The morning of the surgery finally arrived. With great trepidation, I brought the patient to the OR. While upright, her eye was prepped and draped for surgery. The microscope, foot pedals, phaco machine, and instrument table were prepared, and then the patient was reclined to a 45º angle. The anesthesiologist carefully watched the pulse oximeter for any signs of oxygen desaturation. We were off to the races.
I do not recommend operating on a semi-upright patient. Ophthalmologists are known to develop arthritis in the cervical spine from chronically contorting their head and neck to use slit lamps and operating microscopes. This case did no favors for my advancing arthritis, although it did remind me to check on my disability coverage.
I was lucky that day. The case went smoothly and quickly. I did not have to utter those dreaded words, “Please open the vitrectomy pack.” I was relieved when the case was over. When the patient returned for her 1-day postoperative examination, her UCVA was 20/20. As she was wheeled into my examination room by a family member, the patient shed tears of joy. She grabbed me by the hand and told me that I had given her the greatest gift she had ever received and that I would never know what an impact this surgery would have on the rest of her life. What the patient did not realize was that her words were one of the greatest gifts that I had ever received. She passed away 1 month later.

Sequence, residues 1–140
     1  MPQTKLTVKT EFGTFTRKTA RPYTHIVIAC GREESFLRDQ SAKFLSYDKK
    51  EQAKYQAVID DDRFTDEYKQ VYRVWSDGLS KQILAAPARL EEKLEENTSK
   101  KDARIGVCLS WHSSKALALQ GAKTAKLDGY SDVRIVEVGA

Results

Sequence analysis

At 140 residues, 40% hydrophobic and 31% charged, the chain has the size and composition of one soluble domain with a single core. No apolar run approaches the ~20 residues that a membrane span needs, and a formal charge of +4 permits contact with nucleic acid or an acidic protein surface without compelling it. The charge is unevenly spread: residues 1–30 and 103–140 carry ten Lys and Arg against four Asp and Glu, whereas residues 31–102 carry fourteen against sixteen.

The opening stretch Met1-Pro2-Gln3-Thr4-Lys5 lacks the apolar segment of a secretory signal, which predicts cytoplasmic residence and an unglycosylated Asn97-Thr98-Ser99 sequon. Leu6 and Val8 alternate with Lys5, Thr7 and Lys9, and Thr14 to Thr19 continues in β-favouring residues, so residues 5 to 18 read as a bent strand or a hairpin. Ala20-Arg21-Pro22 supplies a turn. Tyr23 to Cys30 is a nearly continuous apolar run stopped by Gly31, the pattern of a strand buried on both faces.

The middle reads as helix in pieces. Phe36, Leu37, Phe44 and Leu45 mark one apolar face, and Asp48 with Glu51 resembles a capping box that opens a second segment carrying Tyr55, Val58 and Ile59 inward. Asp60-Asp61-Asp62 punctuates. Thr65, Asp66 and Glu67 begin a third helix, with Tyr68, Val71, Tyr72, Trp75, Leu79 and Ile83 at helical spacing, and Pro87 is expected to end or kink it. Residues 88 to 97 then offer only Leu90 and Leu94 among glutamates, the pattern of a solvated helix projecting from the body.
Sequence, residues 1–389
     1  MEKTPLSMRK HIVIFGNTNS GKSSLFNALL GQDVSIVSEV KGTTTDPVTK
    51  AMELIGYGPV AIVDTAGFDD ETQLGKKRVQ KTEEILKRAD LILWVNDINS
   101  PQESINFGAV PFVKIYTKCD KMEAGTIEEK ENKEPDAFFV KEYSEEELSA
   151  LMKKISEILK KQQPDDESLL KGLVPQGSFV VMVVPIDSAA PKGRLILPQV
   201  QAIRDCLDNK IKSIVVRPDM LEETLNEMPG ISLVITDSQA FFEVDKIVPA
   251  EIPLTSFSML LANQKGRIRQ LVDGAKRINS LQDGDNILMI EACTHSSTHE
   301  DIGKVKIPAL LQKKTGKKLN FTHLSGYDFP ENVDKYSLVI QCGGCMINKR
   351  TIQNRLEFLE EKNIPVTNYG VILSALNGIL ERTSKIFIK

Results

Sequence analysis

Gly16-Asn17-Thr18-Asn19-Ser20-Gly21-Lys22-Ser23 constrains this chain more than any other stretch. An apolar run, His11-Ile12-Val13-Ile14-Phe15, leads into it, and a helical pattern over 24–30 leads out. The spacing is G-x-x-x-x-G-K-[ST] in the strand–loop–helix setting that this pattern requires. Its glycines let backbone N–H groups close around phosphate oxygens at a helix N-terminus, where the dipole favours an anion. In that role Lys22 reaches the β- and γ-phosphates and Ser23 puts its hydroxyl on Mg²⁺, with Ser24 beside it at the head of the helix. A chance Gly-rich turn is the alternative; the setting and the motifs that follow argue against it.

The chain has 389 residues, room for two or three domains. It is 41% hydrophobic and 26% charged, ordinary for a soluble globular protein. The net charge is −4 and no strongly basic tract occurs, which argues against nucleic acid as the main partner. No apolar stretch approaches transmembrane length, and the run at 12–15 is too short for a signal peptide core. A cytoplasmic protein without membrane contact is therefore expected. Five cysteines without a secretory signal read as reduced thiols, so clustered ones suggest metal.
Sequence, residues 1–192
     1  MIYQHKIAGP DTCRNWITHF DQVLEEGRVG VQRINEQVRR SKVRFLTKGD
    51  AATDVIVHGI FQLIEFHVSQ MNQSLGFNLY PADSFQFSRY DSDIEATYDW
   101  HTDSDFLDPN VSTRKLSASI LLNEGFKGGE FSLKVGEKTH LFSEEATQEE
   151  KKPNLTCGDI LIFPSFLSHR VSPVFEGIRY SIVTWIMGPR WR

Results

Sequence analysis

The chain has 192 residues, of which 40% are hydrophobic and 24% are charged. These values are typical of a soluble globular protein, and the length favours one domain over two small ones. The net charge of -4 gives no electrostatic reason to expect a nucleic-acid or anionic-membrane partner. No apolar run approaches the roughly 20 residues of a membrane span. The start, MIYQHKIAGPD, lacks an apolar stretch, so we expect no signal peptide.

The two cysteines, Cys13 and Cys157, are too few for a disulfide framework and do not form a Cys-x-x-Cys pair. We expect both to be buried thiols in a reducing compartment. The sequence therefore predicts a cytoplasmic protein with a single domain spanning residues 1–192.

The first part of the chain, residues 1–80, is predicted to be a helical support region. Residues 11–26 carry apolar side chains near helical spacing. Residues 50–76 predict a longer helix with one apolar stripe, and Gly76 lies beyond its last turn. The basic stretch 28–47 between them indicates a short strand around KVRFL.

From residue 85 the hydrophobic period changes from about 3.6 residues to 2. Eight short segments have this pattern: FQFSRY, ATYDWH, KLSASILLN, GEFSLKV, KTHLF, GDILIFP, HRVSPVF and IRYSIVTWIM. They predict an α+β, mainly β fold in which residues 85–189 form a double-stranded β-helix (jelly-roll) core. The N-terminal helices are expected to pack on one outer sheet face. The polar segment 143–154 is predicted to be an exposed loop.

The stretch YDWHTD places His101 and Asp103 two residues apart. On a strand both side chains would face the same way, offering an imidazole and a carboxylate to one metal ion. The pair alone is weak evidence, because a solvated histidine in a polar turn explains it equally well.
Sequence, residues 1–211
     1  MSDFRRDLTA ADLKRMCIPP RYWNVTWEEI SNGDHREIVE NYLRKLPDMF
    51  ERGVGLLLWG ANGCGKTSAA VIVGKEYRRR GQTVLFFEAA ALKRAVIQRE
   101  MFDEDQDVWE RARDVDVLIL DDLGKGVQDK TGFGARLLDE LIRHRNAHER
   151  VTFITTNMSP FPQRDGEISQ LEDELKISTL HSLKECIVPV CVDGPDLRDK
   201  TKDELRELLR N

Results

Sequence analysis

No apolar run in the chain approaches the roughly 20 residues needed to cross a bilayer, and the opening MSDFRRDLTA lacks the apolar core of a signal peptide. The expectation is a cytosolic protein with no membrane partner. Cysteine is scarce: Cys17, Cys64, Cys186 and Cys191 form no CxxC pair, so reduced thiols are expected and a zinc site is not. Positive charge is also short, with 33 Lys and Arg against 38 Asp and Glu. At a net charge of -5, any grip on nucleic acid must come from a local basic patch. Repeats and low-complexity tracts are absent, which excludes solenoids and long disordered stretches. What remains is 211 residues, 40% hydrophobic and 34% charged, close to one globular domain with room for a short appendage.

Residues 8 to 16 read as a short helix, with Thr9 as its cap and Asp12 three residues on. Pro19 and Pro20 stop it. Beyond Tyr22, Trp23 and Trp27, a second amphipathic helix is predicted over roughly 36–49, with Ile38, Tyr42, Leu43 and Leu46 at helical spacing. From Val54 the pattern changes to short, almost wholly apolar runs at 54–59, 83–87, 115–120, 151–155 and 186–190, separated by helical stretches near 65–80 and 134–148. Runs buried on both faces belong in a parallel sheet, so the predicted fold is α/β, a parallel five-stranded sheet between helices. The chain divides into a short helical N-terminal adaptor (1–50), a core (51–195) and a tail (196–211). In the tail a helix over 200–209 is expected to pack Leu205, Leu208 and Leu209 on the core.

Preparation is important. Careful planning of all the different aspects of surgery is crucial to a successful outcome. Surgeons often prepare well for potential intraoperative complications with a vitrector and sulcus or anterior chamber IOLs on standby. However, proper preparation also includes sufficient preoperative counseling to ensure that the patient and family are fully aware of the risks. Understanding the specific difficulties presented by each case, such as the amount of time this patient could remain in a reclined position, and making alterations to minimize those limitations can lead to a successful outcome.
Surgeons must treat each case individually. Although many doctors would have decided that the risks outweighed the benefits in this case, it was important to consider the impact of a positive outcome on the patient's life. Equally important, however, is to understand the impact of a negative outcome before deciding to proceed.
Finally, a good massage after surgery is worth every penny.
Section Editor David F. Chang, MD, is a clinical professor at the University of California, San Francisco, and is in private practice in Los Altos, California. Dr. Chang may be reached at (650) 948-9123; firstname.lastname@example.org.
Bonnie An Henderson, MD, is a partner in Ophthalmic Consultants of Boston and an assistant clinical professor at Harvard Medical School in Boston. Dr. Henderson may be reached at (781) 487-2200, ext. 3321; email@example.com.